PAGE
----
"Children's oral literature, or storytelling, is the basis of adult narratives. Through narratives we share our life stories, we bond friendships - narratives are extremely important."
As an undergraduate at Clark University in Worcester, Massachusetts, Gigliana Melzi majored in Spanish literature and psychology. "I was always fascinated by Latin American literature," she remembers, "but at the same time I liked the analytical tools that psychology gave me."
When she had to choose the subject for her doctoral dissertation in psychology, Melzi decided to pair the two interests: she would analyze the development of children's oral literature among Spanish-speaking pre-schoolers. "Children's oral literature, or storytelling, is the basis of adult narratives. Through narratives we share our life stories, we bond friendships - narratives are extremely important."
After receiving her PhD from Boston University in 1998, Melzi extended her research by examining mother-child conversation in Lima, Peru, where she was born. She has also completed similar research in the United States and is currently starting a project in Brazil, in order to compare the data between the three countries. Eventually, Melzi will also include data from Mexico.
Other current research involves looking at the use of diminutives in Spanish conversation, as well as collecting data on "internal state language," which is the intentional use of words that express emotional and mental states.
Melzi's research is supported by an NYU Goddard Research Award for Junior Faculty and an NYU Challenge Fund grant, as well as by a team of doctoral, masters and undergraduate students. "The students are involved in every aspect of the work - from the most menial to the most intellectual. And we all work together."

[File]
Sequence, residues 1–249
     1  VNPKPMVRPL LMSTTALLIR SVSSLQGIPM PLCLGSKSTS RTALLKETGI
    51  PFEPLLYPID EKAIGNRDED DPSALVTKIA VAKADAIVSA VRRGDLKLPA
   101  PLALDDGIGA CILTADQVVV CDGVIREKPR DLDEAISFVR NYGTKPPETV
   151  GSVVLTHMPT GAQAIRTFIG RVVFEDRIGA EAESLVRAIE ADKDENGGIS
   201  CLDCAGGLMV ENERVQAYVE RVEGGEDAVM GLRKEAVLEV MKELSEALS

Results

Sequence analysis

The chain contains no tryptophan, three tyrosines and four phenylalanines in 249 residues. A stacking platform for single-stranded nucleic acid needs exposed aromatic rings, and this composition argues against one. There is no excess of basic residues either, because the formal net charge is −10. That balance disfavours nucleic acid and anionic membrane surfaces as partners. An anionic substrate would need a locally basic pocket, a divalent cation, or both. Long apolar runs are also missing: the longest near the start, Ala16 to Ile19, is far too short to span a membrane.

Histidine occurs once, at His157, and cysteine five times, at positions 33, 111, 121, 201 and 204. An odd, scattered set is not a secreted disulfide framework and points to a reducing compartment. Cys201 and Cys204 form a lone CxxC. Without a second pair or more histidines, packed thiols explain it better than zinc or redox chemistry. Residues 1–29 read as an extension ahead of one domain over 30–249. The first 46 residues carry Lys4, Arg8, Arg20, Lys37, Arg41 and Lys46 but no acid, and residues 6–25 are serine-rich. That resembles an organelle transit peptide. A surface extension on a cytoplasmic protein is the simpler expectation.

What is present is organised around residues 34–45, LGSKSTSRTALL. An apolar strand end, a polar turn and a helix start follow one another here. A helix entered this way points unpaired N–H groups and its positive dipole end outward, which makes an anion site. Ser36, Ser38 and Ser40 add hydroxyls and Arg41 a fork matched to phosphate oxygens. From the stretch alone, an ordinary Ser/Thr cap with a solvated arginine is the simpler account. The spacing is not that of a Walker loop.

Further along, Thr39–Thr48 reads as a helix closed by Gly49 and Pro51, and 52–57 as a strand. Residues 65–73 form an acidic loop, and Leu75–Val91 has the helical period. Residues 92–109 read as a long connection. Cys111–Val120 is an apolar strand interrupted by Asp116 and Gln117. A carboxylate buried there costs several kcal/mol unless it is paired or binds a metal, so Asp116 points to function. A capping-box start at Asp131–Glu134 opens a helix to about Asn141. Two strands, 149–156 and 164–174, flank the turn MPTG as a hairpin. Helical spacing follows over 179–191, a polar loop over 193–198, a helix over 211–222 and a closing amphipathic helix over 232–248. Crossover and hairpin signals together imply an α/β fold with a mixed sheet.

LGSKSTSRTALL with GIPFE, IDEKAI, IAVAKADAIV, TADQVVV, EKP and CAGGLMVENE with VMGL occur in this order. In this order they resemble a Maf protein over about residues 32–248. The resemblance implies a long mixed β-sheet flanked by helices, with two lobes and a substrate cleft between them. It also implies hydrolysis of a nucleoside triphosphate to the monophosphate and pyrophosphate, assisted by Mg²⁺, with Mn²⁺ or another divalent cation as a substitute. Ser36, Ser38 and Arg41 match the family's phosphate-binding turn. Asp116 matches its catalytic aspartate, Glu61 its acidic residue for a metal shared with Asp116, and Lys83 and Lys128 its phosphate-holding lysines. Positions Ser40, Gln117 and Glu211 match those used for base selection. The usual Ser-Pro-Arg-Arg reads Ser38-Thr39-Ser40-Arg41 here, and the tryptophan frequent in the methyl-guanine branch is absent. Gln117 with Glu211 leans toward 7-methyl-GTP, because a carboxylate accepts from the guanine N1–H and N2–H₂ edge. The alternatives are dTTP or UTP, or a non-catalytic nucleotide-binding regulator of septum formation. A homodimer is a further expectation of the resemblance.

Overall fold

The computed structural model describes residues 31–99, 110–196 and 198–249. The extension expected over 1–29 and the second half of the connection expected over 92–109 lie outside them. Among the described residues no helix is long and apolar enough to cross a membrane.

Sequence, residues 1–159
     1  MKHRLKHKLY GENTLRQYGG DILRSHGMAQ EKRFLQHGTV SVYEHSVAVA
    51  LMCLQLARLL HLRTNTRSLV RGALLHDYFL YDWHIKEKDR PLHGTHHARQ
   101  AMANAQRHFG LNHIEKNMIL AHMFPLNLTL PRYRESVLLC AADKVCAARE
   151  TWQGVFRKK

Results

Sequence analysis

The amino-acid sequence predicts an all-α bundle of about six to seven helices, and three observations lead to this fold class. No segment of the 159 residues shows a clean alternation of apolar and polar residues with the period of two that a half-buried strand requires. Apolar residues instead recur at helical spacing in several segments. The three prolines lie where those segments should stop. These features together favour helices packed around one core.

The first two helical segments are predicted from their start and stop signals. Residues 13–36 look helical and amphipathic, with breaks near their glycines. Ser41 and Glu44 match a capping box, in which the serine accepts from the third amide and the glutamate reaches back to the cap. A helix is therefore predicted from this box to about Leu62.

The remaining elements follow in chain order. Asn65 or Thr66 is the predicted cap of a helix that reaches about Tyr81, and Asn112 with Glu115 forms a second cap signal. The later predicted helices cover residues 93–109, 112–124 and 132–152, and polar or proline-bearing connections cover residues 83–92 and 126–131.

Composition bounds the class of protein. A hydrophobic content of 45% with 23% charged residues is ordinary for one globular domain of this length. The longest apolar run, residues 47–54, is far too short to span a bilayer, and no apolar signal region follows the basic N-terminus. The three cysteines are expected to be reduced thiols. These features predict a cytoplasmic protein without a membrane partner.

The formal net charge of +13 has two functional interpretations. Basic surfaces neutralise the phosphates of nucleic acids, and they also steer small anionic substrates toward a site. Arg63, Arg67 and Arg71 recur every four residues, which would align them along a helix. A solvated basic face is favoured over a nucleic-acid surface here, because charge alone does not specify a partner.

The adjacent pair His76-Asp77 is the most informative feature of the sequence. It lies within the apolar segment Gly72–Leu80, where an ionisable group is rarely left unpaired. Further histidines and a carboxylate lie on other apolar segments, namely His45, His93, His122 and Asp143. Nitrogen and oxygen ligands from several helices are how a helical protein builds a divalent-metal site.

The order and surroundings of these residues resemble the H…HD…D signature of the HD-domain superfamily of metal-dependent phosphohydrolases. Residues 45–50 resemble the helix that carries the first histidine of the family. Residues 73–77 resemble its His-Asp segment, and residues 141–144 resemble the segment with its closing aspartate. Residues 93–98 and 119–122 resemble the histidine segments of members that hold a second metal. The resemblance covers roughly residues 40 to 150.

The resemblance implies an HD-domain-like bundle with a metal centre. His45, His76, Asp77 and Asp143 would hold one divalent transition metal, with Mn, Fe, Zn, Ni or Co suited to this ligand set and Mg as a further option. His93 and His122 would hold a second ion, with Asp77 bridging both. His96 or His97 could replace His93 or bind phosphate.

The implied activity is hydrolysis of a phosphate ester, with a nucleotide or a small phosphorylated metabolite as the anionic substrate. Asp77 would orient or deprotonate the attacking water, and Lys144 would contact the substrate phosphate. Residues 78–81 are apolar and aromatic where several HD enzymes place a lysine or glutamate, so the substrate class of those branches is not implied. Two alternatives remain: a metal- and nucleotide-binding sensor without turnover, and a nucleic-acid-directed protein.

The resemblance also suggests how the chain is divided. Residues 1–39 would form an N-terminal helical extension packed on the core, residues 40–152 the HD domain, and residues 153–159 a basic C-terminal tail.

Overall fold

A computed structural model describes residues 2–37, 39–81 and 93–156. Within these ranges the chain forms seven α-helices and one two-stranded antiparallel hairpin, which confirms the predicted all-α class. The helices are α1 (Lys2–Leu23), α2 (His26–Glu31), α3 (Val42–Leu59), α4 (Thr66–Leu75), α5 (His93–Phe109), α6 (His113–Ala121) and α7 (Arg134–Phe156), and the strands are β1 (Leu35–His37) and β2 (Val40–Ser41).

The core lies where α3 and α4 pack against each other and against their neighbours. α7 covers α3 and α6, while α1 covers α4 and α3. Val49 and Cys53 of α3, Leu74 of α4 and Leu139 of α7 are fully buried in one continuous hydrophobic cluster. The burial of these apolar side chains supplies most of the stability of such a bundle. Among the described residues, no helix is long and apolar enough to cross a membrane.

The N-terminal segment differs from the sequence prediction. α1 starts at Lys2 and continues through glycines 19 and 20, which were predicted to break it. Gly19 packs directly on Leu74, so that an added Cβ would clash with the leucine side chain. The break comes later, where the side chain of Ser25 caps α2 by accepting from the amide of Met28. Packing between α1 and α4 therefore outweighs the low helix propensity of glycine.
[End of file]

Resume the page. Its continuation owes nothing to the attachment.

Melzi enjoys such a close collaboration with her students because she takes mentoring extremely seriously. "I had a mentor who went beyond the prescribed role of what a mentor should be, so I know how important it is for professors to give their all to their students."
Melzi's connection to the students is further strengthened by her role as Director of Undergraduate Studies for the Applied Psychology, the Department of Applied Psychology's undergraduate program. "I'm the liaison between the Department and the administration in relation to the undergraduate program. I meet with directors of other undergraduate programs to assess how things are going. I also develop new ideas and programs for the students."
Because Professor Melzi's work is grounded in three disciplines - psychology, linguistics, and anthropology - she looks forward to more collaboration between her department and others throughout Steinhardt. "I work with a group of scholars at Steinhardt's Center for Research on Culture, Development and Education. We all come from different areas of psychology as well as other disciplines and that kind of collaboration, especially in research, is exciting and enriching."
Melzi also hopes students can be more involved in places like the Center. "The Department offers its students excellent hands on experience, but I would love to give them even more in places like the Center, which offers a perfect setting for students to develop the research skills they really need."